Make Tarts Upside Down For Extra-Caramelized Toppings

Store-bought puff pastry is already a gift to home cooks looking for an easy dinner or dessert, but somehow, TikTok has found a way to make this freezer staple even more versatile and easy to use. Upside-down tarts have become ubiquitous on the platform, taking a classic baking technique and bringing it to the masses. Many users have shown viewers just how easy it is to make a beautiful, delicious tart that looks like you spent hours on it in a short amount of time.


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♬ Sleep Walk – Santo and Johnny

To make your own upside-down tart — first, you'll want to make sure you're buying all-butter frozen puff pastry. (It tastes better and makes for fluffier layers.) Then, all you need to do is arrange a piece of fruit, vegetable, meat, or other topping on a baking sheet, layer it with a slab of puff pastry, seal the edges, and bake it in the oven. You probably want to score the edges, and you may want to add an egg wash, but your end result will be a delicious tart with caramelized toppings.

Why make a tart upside down?

One of the trickiest parts about baking tarts, pies, or other dishes involving pastry with a fruit topping or filling is preventing the crust from getting soggy. (And as any "Great British Bake Off" fans know, a soggy bottom is just about the worst thing that can happen to you when baking — aside from your house catching on fire.) As fruit cooks, it releases liquid, and too much liquid can destroy a fluffy pastry. This is why many fruit pies are blind-baked, with the crust cooked separately before adding in the filling. This technique should also be applied to anything with a liquid center, like custard pie, pumpkin pie, or sugar pie.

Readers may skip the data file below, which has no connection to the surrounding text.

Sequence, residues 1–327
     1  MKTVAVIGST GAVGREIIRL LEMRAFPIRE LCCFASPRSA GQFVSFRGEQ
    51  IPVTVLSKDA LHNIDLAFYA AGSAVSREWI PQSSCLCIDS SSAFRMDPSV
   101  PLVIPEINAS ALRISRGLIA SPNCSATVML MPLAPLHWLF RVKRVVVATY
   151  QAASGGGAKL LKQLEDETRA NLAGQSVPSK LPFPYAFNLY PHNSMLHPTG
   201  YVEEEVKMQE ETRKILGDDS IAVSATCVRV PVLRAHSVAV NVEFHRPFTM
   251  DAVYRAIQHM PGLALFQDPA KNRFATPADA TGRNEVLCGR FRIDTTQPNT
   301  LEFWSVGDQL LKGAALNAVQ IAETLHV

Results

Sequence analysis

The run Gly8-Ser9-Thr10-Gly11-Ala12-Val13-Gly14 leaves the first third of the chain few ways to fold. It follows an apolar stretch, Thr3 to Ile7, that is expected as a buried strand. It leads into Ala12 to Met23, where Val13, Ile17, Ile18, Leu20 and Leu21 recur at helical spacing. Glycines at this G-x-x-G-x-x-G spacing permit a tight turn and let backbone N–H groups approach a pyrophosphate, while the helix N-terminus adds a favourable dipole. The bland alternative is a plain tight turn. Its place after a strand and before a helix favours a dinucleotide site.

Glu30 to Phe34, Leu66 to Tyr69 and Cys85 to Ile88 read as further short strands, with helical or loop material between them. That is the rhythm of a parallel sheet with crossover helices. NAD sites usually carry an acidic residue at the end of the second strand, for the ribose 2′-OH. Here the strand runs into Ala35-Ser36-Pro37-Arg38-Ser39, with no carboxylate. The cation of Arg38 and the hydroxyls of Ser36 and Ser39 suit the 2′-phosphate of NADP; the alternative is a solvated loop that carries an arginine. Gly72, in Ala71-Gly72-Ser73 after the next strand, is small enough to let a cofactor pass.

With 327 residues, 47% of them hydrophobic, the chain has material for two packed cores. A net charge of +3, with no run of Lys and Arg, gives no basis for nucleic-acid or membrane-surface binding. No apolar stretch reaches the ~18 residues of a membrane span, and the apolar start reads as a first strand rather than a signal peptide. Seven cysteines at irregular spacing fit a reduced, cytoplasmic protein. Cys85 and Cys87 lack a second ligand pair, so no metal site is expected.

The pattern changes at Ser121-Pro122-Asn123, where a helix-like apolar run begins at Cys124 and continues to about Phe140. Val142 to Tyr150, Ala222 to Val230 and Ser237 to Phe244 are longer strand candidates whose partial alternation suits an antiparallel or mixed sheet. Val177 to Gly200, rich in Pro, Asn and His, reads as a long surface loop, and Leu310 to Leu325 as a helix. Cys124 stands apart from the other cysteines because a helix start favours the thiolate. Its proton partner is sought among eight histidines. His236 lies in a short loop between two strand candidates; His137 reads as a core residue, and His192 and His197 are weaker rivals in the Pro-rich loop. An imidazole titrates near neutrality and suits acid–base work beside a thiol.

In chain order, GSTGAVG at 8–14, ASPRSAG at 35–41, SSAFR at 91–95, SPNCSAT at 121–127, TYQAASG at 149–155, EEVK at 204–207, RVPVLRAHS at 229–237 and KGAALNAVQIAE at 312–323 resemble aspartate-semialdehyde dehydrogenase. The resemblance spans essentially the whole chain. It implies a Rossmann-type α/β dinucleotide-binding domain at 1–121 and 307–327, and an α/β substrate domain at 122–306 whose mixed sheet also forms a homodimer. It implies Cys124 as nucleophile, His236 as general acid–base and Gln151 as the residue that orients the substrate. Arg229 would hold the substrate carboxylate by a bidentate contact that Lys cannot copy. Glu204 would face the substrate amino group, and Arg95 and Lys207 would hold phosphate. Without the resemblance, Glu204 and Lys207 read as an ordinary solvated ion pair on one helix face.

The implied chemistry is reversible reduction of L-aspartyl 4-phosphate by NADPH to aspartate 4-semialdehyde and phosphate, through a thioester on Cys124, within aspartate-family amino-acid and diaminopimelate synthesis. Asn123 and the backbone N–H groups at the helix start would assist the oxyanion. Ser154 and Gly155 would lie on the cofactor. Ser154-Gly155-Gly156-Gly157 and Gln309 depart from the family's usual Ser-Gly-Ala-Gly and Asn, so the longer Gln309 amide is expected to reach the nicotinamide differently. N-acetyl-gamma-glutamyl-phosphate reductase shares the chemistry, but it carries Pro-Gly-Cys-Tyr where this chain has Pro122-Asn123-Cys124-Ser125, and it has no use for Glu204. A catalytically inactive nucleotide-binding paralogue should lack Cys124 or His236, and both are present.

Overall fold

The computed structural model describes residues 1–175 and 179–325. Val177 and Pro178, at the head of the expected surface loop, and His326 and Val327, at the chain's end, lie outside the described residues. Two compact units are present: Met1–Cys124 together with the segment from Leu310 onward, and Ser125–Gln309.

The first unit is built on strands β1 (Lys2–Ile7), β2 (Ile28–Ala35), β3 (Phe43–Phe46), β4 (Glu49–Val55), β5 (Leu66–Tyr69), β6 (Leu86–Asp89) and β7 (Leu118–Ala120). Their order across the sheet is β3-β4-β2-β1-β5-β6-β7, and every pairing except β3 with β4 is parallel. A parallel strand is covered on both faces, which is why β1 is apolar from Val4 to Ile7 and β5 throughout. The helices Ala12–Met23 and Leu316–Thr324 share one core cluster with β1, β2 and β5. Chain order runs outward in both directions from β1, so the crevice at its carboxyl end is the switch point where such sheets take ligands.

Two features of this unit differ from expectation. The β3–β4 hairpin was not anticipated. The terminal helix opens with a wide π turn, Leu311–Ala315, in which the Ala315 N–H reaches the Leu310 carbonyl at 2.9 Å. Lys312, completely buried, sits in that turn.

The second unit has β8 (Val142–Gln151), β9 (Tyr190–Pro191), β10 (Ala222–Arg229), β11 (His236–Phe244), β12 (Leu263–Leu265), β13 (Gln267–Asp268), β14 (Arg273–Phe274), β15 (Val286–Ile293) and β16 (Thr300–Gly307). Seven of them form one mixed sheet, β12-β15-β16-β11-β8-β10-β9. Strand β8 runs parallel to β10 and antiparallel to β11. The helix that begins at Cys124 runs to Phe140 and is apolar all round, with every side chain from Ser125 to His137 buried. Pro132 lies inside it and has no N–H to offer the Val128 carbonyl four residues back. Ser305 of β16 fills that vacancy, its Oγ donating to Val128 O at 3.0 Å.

In addition to preventing a soggy bottom, baking tarts or pies upside down helps the fruit to caramelize by putting it in close contact with the hot sheet pan. (Though using parchment paper to prevent sticking is a good idea.) If you are adding a sprinkle of sugar or drizzle of olive oil, baking upside down will also make the caramelization more even, by drawing the liquid downwards to fully coat your fruit. This will prevent those burnt edges that sometimes occur when making a standard apple tart or something similar.

Tips for upside down tarts

The upside-down tart isn't a new idea, despite its recent popularity. The most well-known example of this kind of dish is the tarte tatin, a French take on apple pie that is made upside down. There's also the American cousin to the tarte tatin, the apple upside-down pie, which has added pecans.

But though apples make great use of this technique, they're hardly the limit. For sweet tarts, opt for soft, quick-cooking fruits. Stone fruits like peaches, apricots, and plums work well — as do strawberries, pears, or pineapple. You can drizzle honey, olive oil, balsamic vinegar, caramel, or other sauces or seasonings onto your baking sheet before your fruit. Since the aesthetic is part of the appeal, consider using eye-catching ingredients. Starfruit would make beautiful upside-down tarts, perhaps sprinkled with some tajin or shredded coconut. Or perhaps you could cut divots in halved strawberries to make little hearts, topped with whipped cream for a strawberry shortcake riff.

And don't forget savory options! A shallot or onion tart will come off wonderfully, perhaps sprinkled with thyme or a glug of good olive oil. Or try tomato with a bit of goat cheese and whole-grain mustard. You could also par-cook carrots (crème fraîche and feta make for a great carrot accompaniment), or thinly slice zucchini or kabocha squash for an easy, fake-fancy snack.